Friction is a very familiar force in everyday life. With a soft pair of socks on our feet, it lets us slide and glide across uncarpeted floors. But friction also holds our shoes steady on a sidewalk. Sometimes friction gets confused with traction. In science, though, friction has a very specific meaning.
Friction is the force felt between two surfaces when one attempts to slide against the other — whether or not they are moving. It always acts to slow things down. And it depends on only two things: the nature of the surfaces and how hard one presses against the other.
Traction, on the other hand, refers to the motion generated due to the force of friction. Friction is the force, traction is the action that results. The force of friction doesn’t change at all if you increase the surface area, like having wider tires. But traction can be boosted when things like that change.
The material a surface is made from affects how much friction it creates. This is due to the “bumpiness” of each surface — sometimes that can matter even on a molecular level.
We can see how it works by thinking of everyday objects. If you rub your fingers along a piece of sandpaper, you can feel how rough it is. Now imagine running your hand across a freshly sawn plank of wood. It’s much smoother than the sandpaper, but it still feels a bit bumpy. Finally, imagine tracing your fingertips across a slab of metal, such as the steel used to make a car door. It feels amazingly smooth, although there can have a dramatically pocked or ragged surface when viewed at the molecular level.
Each of these materials — sandpaper, wood and metal — will offer a different amount of friction. Scientists use a decimal number, between 0 and 1, to measure how much friction each substance has. The sandpaper would have a very high number and the steel a very low one.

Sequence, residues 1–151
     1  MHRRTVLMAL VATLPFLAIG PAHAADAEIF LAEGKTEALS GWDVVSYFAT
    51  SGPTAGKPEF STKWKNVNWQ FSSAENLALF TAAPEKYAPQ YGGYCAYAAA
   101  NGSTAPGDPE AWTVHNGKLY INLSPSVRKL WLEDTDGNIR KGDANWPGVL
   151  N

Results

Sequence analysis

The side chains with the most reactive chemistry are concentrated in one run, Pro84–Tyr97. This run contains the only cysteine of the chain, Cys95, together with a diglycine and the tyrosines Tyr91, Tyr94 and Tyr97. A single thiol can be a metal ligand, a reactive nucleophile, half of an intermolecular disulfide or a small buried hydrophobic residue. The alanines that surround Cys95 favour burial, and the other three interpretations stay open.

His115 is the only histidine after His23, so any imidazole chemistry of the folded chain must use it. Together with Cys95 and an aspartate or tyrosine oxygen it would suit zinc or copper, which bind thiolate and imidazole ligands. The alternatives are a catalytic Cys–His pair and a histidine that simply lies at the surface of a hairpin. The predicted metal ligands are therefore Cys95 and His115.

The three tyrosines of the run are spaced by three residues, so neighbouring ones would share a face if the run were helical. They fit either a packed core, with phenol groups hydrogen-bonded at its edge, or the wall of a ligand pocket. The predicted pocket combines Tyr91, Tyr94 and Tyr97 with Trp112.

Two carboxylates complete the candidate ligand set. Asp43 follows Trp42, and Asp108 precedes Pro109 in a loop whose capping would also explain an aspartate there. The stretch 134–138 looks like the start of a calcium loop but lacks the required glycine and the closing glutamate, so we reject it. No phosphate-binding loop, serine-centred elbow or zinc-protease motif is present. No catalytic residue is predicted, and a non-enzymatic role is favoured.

This number can change under different conditions. Walk across a dry, concrete sidewalk and you’re not likely to slip. But try the same sidewalk on a rainy day — or worse, an icy one — and it might be hard to stay upright.
The materials didn’t change; the conditions did. Water and other lubricants (such as oil) reduce friction, sometimes by a huge amount. That’s why it can be so dangerous to drive in bad weather.
The role of a hard press
The other factor that affects friction is how hard the two surfaces are pressing together. Very light pressure between them will result in only a small amount of friction. But two surfaces pressing together strongly will generate a lot of friction.
For instance, even two sheets of sandpaper rubbing together lightly will have only a little friction. That’s because the bumps can glide over one another fairly easily. Press down on the sandpaper, though, and the bumps have a much harder time moving. They attempt to lock together.
This offers a good model for what happens even on the scale of molecules. Some seemingly slick surfaces will try to grab on to each other as they slide across. Imagine them as covered by microscopic hook-and-loop tape.
You can see a huge effect of friction in earthquakes. As Earth’s tectonic plates try to slide past one another, small “slips” cause minor quakes. But as the pressure builds up over decades and centuries, so does the friction. Once that friction gets too strong for the fault, a major quake can result. Alaska’s 1964 earthquake — the biggest in U.S. history — in some places caused horizontal movements of more than four meters (14 feet).
Friction can also lead to dramatic fun, such as ice skating. Balancing all of your weight on skates creates a much higher pressure under their blades than if you were wearing regular shoes. That pressure actually melts a thin layer of ice. The resulting water acts as a powerful lubricant; it lets your skate glide across the ice. So you don’t slide across the ice itself, now, but a thin layer of liquid water!
We feel the forces of friction every day as we walk, drive and play. We can lower its drag with a lubricant. But whenever two surfaces are in contact, friction will be there to slow things down.
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